Hal towel-dried his hair and, wrapped in his robe, sat at the dressing table. There was the usual glut of messages from his fans and admirers. Cards and flowers—I could give up the music biz and open a florist’s (one of his go-to quips for the Sunday supplement interviews).
It had been a great gig. They’d called him back for three encores.
This moment of self-congratulation was interrupted by a knock at the door.
“Sorry!” he called out. “I’m not receiving visitors tonight. Got a long drive to Norwich. Sorry.”
He listened. No further knocks were forthcoming. He shrugged. They were usually more persistent.
He set to removing his contact lenses. While he was occupied, a stream of green smoke flowed in under the door, rising unseen behind him. Hal put on his glasses and was startled to find a woman reflected in the mirror. She was dressed in long skirts and ragged shawls. A bandanna barely tamed the corkscrew locks of her long, black hair. Enough earrings to rival a shower curtain. Bangles all up to her elbows. Hal turned to face her. He had been trained to keep calm in these situations. When a fan takes things too far.
“Hello!” he said. “Who might you be?”
“Call me Zaza!” the woman spoke with a bizarre note of triumph. “I have come for what is mine.”
Hal was nonplussed. “I can sign an e.p. for you. I don’t do skin, if it’s a tattoo you’re planning.”
The woman —Zaza— sneered with derision.
“Harold Webster,” she used his original name. “Years ago, you were washed-up. A has been. A long time since your last hit record. You were at your lowest point. You were considering ending it all. At least, after your demise, record sales would sky-rocket. But then, along came a young man. He played you a song he had written. You recorded that song, and it flew straight to Number One all over the world.”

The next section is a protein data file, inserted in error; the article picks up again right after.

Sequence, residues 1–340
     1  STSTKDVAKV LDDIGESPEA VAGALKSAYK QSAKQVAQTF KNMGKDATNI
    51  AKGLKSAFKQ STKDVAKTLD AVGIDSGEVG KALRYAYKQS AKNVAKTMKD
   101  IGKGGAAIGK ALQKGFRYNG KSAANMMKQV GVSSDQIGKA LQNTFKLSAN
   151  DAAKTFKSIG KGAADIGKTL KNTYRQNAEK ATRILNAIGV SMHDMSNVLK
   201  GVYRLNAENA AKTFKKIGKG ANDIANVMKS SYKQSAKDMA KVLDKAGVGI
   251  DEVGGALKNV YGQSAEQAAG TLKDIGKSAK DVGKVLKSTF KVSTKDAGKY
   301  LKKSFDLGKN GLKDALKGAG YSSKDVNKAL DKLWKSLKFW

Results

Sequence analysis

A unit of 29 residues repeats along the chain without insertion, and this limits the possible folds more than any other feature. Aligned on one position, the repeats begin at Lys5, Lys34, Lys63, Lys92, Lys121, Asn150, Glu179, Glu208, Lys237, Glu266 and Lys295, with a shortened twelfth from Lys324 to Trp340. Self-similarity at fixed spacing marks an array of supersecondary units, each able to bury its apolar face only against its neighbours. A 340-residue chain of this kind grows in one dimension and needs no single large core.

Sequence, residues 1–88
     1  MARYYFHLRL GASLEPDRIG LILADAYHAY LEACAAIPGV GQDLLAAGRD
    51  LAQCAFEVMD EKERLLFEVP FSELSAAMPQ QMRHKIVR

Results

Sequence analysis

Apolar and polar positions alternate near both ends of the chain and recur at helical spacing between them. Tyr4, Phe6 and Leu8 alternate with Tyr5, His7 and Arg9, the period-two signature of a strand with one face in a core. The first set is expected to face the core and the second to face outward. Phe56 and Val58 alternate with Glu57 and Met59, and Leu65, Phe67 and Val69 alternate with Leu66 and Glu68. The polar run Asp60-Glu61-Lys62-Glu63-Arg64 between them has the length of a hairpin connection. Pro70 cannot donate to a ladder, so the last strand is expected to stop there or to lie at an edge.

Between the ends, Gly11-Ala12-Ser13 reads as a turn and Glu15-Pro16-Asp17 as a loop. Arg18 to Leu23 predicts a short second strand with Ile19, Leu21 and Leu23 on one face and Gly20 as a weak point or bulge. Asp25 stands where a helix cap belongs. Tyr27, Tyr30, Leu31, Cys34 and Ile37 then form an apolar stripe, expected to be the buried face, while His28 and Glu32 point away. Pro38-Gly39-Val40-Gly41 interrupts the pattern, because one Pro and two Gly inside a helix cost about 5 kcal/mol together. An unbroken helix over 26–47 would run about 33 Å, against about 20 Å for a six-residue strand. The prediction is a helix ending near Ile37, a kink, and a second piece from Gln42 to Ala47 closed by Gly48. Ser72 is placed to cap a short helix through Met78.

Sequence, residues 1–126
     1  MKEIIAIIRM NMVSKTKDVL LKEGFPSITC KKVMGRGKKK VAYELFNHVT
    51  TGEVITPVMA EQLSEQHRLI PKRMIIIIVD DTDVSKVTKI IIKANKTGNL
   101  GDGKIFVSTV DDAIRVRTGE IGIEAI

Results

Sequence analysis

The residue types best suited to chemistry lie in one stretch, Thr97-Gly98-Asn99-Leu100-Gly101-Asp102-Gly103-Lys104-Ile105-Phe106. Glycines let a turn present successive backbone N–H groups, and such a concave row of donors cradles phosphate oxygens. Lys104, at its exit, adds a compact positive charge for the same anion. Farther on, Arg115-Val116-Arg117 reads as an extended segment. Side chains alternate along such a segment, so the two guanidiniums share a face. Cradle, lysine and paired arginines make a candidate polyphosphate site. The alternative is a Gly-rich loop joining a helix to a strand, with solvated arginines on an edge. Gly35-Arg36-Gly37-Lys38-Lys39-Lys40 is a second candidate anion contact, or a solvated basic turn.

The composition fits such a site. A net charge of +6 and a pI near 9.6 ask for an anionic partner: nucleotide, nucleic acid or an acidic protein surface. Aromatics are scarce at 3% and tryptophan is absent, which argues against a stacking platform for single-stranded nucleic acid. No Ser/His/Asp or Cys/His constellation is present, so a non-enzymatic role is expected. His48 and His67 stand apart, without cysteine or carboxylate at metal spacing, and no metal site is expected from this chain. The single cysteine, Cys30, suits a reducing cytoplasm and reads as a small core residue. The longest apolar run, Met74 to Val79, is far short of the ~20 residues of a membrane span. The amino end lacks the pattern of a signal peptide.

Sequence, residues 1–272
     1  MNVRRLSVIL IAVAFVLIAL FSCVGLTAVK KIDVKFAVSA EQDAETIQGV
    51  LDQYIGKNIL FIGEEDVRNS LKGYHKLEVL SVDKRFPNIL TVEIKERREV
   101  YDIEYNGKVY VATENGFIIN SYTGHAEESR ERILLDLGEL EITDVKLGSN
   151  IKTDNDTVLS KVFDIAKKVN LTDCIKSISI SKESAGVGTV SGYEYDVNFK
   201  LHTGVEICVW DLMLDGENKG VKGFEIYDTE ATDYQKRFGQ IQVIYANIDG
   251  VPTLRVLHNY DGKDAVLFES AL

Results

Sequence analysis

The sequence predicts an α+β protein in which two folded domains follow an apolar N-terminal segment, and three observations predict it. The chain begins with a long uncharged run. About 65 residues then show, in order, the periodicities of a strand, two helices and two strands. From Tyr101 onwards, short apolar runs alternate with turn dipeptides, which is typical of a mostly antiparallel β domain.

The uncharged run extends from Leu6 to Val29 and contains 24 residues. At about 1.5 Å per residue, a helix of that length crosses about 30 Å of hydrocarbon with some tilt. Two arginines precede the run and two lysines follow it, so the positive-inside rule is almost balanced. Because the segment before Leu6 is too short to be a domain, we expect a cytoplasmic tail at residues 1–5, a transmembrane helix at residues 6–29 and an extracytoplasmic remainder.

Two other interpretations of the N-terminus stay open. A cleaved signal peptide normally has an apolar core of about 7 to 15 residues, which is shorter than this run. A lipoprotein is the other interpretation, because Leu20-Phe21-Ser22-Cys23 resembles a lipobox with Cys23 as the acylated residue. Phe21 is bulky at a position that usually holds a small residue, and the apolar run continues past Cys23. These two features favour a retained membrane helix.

Hal nodded. “Satan’s Sister. Great track. I don’t see what it’s got to do with you.”
Zaza twisted her thin lips into a smile. “I gave that young man the song. He consulted me. Would do anything to break into the music industry. We made a compact. And now I come to collect.”
Hal was puzzled. “I still don’t understand what it’s got to do with me.”
“That young man… disappeared just before your record was released. You know what I mean. You denied him his success, his fame and fortune. His life!”
Hal stiffened. “Now, look here, you can’t come into my dressing room insinuating all sorts.”
“Come off it, Webster,” the woman cackled. “You had the success that I’d promised Johnny Starr. Because you had him taken care of, his debt transfers to you.”
Hal scoffed. “You daft old bat. I’m calling security.”
“Are you sure you want to do that? Are you sure you want the world to know that your big comeback and the decades of success that followed were all due to the murder of a promising young songwriter?”
Hal paused, his hand hovering over the telephone.“What do you want?”
Zara’s smile broadened. “Your soul,” she said brightly. “You’ve had your time.”
It was Hal’s turn to grin. “Oh, no, I’m just getting started. Satan’s Sister—is that you? Is that who I’ve been singing about all these years?”
Zaza actually blushed. “I inspired him you might say. You owe me.”
Hal snatched up a marker pen and scrawled across the plastic case of a c.d. He held it out.
“This is all you’re getting. My soul! That’s a laugh. You should have a word with your brother.”
Zaza’s jaw dropped.
“Yes,” Hal chuckled. “How do you think I’ve kept my youthful appearance all these years?”